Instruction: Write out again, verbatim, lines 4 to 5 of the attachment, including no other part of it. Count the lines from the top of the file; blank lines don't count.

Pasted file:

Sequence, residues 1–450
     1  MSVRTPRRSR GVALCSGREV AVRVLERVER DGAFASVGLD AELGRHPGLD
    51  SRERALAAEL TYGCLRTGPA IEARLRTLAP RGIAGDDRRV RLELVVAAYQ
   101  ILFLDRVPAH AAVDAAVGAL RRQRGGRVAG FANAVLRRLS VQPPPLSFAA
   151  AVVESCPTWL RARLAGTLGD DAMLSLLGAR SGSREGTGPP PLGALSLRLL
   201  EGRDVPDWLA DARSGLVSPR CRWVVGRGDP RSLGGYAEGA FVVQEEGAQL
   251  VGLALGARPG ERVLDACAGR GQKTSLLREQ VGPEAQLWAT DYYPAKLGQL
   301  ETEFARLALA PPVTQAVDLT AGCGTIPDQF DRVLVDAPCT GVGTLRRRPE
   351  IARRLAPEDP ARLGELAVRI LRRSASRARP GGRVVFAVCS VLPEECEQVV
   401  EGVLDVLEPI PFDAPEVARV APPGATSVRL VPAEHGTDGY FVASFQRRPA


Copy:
   101  ILFLDRVPAH AAVDAAVGAL RRQRGGRVAG FANAVLRRLS VQPPPLSFAA
   151  AVVESCPTWL RARLAGTLGD DAMLSLLGAR SGSREGTGPP PLGALSLRLL